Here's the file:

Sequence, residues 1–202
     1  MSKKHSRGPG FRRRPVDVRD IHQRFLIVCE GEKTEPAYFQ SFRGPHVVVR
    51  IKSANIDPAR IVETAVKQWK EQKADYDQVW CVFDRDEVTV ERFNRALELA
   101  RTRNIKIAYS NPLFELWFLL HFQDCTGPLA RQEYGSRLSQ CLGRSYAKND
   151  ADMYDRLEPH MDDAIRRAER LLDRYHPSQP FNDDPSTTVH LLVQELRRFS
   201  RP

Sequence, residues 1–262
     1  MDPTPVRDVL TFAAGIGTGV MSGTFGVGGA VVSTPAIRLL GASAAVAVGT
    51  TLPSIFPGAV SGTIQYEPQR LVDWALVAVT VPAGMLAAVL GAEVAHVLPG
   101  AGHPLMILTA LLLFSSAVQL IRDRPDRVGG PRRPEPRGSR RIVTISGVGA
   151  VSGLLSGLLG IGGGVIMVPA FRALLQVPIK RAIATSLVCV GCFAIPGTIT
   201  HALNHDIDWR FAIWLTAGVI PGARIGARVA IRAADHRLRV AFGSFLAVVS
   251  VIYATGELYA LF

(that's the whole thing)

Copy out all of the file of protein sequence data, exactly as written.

Sequence, residues 1–202
     1  MSKKHSRGPG FRRRPVDVRD IHQRFLIVCE GEKTEPAYFQ SFRGPHVVVR
    51  IKSANIDPAR IVETAVKQWK EQKADYDQVW CVFDRDEVTV ERFNRALELA
   101  RTRNIKIAYS NPLFELWFLL HFQDCTGPLA RQEYGSRLSQ CLGRSYAKND
   151  ADMYDRLEPH MDDAIRRAER LLDRYHPSQP FNDDPSTTVH LLVQELRRFS
   201  RP

Sequence, residues 1–262
     1  MDPTPVRDVL TFAAGIGTGV MSGTFGVGGA VVSTPAIRLL GASAAVAVGT
    51  TLPSIFPGAV SGTIQYEPQR LVDWALVAVT VPAGMLAAVL GAEVAHVLPG
   101  AGHPLMILTA LLLFSSAVQL IRDRPDRVGG PRRPEPRGSR RIVTISGVGA
   151  VSGLLSGLLG IGGGVIMVPA FRALLQVPIK RAIATSLVCV GCFAIPGTIT
   201  HALNHDIDWR FAIWLTAGVI PGARIGARVA IRAADHRLRV AFGSFLAVVS
   251  VIYATGELYA LF